The goal of this series is about as simple as the title makes it out to be, which is to inform individuals of the importance of eating well. Moreover, it actually attempts to illuminate the point of that new paradigm, and to demonstrate the value of a healthy lifestyle and good dietary choices. It includes the principle that health is king, for without it you may be left with nothing. As simple as it may sound, there is yet more to the story than that. Before jumping into the “Eat to Live” philosophy, an explanation of the polar opposite, “Live to Eat,” is in order.

So what does “living to eat” actually mean? Does it mean that food is the number one priority in life? No. Is it when a person loves food more than anything? Nope. Is it that the reason for a person’s existence is to consume food? NO. “Living to eat,” to put it simply, is a mindset. Yes, it is the sort of mindset where a person eats what they please, and does not care to change one’s eating habits, regardless of how detrimental or unhealthy they may be. It does not mean that a person is lazy, weak, or lacking in willpower. It only means that they don’t want to change, because they are happy enough eating what they please. Quite often they are unaware of the facts of the alternative choices (and/or the facts about what they do eat).

Yes, the “live to eat” mindset can have many unintended consequences and problems. Perhaps one of the biggest is chronic disease (heart disease, stroke, cancer, diabetes, and arthritis among others). It’s a pretty big deal too, since 7 out of 10 deaths in the United States are due to chronic disease (according to the CDC). Nearly all chronic disease is caused by one (or more) of four different risk behaviors: Lack of exercise, excessive alcohol consumption, tobacco use, and poor nutrition. Well, if you get out enough, don’t smoke, and limit your drinking, you are just about there. Sadly, that’s usually where the buck stops, since almost half of American adults have had one or more chronic illnesses, and poor nutrition is the overlapping culprit in many cases.

To quote one astute observer: “The very thought that the diet could have such a profound, powerful effect on the human body, it simply boggles the mind.” Sure, most of us can relate that to the phrase “you are what you eat,” but forming a causal relationship between the foods we eat and the sicknesses we get might be pushing the envelope. It’s even more astonishing when we learn of reports claiming that nearly 75% of health care costs are tied to the top 5 chronic diseases. That’s almost the same as attributing blame of the US health care crisis on the poor diets of Americans! Now don’t get started on some food conspiracy, ya’ hear, we aren’t here to spread blame, rather cheer. And the truth is this: chronic diseases, the most common and costly of all medical treatments, are also some of the most preventable. Additionally, heaping amounts of evidence (also known by many as proof) suggest that many of these illnesses are also reversible with the proper diet. Food can also be the solution; it just depends on the mindset.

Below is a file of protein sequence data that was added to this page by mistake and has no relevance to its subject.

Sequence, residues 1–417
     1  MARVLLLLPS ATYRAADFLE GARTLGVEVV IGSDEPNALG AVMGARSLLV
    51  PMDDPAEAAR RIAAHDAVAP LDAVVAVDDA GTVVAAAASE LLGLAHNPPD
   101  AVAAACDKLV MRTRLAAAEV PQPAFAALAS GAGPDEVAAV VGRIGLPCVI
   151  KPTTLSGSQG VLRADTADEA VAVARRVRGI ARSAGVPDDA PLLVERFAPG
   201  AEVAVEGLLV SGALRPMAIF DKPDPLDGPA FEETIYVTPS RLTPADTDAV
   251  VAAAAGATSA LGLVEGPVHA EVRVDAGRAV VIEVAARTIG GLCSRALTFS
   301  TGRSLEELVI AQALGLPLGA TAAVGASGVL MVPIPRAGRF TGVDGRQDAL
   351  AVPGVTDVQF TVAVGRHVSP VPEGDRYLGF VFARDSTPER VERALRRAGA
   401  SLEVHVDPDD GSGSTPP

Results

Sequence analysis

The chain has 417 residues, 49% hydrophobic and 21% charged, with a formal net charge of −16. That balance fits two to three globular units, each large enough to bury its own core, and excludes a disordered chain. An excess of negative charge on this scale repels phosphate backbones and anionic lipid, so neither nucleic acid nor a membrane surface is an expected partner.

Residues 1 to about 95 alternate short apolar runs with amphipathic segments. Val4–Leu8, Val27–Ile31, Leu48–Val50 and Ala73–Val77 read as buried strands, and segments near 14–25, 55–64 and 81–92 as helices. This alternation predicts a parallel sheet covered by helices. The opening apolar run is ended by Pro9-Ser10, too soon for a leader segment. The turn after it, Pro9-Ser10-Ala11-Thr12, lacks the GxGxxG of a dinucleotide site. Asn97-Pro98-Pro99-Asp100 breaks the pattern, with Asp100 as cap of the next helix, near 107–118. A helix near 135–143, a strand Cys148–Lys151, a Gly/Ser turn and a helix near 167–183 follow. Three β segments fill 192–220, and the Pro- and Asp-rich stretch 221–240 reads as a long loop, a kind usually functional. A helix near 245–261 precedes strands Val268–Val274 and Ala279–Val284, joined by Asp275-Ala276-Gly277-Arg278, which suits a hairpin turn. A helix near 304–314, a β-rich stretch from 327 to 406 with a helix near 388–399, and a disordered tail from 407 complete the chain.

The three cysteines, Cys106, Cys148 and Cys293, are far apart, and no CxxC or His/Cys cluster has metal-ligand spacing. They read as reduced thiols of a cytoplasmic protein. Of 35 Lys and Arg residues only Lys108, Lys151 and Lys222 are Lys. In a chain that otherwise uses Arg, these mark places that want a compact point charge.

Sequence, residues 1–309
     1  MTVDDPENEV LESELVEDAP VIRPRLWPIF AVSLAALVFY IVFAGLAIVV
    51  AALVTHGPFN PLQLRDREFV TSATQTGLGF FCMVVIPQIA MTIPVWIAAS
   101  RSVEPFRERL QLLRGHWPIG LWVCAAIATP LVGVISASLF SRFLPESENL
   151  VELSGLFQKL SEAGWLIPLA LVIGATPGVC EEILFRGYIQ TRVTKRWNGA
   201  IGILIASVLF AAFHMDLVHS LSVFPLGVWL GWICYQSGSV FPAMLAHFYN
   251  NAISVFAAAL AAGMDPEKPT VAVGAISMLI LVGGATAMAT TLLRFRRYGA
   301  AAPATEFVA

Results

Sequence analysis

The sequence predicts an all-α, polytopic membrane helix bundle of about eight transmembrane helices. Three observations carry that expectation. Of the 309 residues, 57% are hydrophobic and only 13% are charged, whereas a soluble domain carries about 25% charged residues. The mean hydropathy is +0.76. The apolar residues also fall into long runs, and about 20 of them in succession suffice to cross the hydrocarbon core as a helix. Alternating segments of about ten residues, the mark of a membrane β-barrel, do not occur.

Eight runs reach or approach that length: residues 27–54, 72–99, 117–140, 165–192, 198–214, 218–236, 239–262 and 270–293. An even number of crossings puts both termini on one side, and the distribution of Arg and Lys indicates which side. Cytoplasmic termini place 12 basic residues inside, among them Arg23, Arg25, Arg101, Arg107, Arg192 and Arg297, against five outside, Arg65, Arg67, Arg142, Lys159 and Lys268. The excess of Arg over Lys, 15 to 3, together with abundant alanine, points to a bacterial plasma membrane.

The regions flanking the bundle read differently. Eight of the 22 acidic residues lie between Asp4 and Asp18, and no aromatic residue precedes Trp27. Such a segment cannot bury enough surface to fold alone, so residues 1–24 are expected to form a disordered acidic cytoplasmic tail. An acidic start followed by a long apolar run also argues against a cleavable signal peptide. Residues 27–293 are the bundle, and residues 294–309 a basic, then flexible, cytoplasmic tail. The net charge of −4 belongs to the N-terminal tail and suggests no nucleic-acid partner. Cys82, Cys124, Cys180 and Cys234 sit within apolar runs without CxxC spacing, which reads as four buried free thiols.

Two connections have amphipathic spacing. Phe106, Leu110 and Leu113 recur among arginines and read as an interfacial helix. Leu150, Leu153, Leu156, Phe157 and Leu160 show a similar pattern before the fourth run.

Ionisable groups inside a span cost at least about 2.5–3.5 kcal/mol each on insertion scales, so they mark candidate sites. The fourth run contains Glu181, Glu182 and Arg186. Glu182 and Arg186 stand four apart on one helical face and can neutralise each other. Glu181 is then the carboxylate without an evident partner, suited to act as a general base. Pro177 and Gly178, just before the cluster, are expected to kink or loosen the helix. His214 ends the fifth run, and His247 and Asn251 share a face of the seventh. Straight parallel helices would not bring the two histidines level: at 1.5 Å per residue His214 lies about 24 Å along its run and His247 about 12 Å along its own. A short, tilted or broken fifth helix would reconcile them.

The meaning of that phrase “you are what you eat” is certainly more evident when you consider the facts. That tends to happen when the truth is explored. So then, consider this: If the impact of one’s diet can have both positive and negative effects on one’s health, wouldn’t it also be logical that the validity of an excuse for one’s health be considered rational, regardless of the status of one’s actual health? Athletes, nutritionists, bodybuilders, doctors, and others will be the first to tell you that diet plays a role in good health. Not as frequently do we hear from those with chronic illnesses suggesting that their diet has an impact on their health. And why would they? Even if one was aware of the fact (as many are not) that their diet is a huge contributing factor to their predicament, they would still find it difficult to openly address. Human psychology of the self explains it pretty well: we identify ourselves with positive things, and a poor diet and lifestyle does not meet the standard. There are elements of the self that inherently try to prevent a negative identification of one self. Fortunately, learning the truth is the best way to overcome that, as well as any obstacle that may stand in the way of your health. The bottom line: food is the most powerful tool for your health, period.